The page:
Natives has been racing through a liver extract of loosely tightened psych-punk abandonment for a couple of years now. Theirs is a barn of sound, literating a Stooges-cum-John Wilkes Booze rhythm-pound that eventually bleeds an immortal quitch-grass of noisy barrages that swing into a lawlessness of hallucinogenic night talk through three guitars. Behind that curtain of guitar is McKinley Moore, who was OK to talk about their upcoming show at the Louisville Palace as part of the Faces at the Palace series on Friday April 12.
me: What has Natives been up to since Loose Secrets came out? Is there a new recording in the future? What format, if so? What are you going for sound-wise? Any changes? Catch us up on Natives. Obviously, the addition of William from Anwar Sadat is a big deal. How did that come about? What changes has it led to in the sound of the band? Is this Palace show your first live performance with him?
McKinley: Since Loose Secrets came out, we received and accepted an unsolicited invitation to play last years SXSW festival. That was a lot of fun, even though I'm pretty sure it took some years off of my life.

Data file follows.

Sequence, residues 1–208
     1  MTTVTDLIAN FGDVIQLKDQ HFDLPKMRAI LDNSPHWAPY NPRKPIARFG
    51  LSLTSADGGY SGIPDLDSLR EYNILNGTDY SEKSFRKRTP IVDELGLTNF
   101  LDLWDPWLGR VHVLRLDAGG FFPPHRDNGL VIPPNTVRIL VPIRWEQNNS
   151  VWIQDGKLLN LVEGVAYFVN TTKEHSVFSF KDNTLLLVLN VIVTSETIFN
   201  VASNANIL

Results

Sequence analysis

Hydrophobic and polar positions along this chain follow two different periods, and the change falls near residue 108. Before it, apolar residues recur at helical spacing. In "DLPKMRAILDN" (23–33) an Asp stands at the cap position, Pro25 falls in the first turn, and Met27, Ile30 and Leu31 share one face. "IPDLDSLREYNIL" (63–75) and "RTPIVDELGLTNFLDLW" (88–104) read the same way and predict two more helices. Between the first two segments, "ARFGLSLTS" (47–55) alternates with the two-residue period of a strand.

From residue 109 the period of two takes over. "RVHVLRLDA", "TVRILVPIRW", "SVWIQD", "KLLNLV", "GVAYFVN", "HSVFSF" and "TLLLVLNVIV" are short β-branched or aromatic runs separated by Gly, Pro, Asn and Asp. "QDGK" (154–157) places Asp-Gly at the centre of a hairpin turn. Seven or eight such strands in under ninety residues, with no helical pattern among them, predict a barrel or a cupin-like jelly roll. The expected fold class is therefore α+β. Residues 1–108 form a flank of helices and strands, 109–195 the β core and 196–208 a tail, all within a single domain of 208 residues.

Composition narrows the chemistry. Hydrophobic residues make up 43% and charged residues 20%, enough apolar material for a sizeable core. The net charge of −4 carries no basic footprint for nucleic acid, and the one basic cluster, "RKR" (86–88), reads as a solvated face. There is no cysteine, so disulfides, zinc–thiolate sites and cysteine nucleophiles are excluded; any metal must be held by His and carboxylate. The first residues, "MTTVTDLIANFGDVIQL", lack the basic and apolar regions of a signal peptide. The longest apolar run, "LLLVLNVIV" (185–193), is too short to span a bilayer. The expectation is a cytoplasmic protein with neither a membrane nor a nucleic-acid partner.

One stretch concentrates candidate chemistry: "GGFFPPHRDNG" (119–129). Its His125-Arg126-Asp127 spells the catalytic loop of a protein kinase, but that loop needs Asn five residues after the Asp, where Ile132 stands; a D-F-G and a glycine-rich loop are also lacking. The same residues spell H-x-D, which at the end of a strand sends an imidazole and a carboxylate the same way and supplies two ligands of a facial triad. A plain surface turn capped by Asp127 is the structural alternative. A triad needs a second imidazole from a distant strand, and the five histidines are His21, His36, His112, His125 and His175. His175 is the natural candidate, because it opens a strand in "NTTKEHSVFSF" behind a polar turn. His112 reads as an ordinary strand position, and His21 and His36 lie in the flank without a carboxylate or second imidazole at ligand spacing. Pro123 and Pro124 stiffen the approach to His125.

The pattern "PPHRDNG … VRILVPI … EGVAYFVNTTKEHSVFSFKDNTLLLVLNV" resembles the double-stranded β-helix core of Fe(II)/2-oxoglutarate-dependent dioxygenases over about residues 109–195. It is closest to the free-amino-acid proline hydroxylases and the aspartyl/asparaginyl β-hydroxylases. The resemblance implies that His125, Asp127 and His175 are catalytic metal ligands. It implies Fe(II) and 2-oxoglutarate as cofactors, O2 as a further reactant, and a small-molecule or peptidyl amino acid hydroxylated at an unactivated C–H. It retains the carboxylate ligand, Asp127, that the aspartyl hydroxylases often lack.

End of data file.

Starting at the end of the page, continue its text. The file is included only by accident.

After we got back, we played pretty heavily for a bit and then decided to take a bit of a break from playing to regroup and try to write some new stuff. We've only played once in the past 6 months and that was in Cincinnati w/ our bros The Harlequins.
We definitely plan on making a new record. We already have more than enough new material, so hopefully it happens soon. Not entirely sure about the format, but hopefully it is vinyl again. We were pretty adamant about totally self-financing and self-releasing the first EP. That was a lot of fun and a great experience, but since none of us are rich, we're hoping not to go that route this time around. Sound-wise, I think we're still in the same ballpark, but the new addition is definitely changing things up a bit. William is a beast. He's young and has a ton of energy so it has been a lot of fun. I love Anwar Sadat. I think they are pretty much the coolest shit around. We've all been friends with some of those dudes for a long time and have played a lot of shows over the past couple years, so its awesome having him with us. And yes, this will be his first show.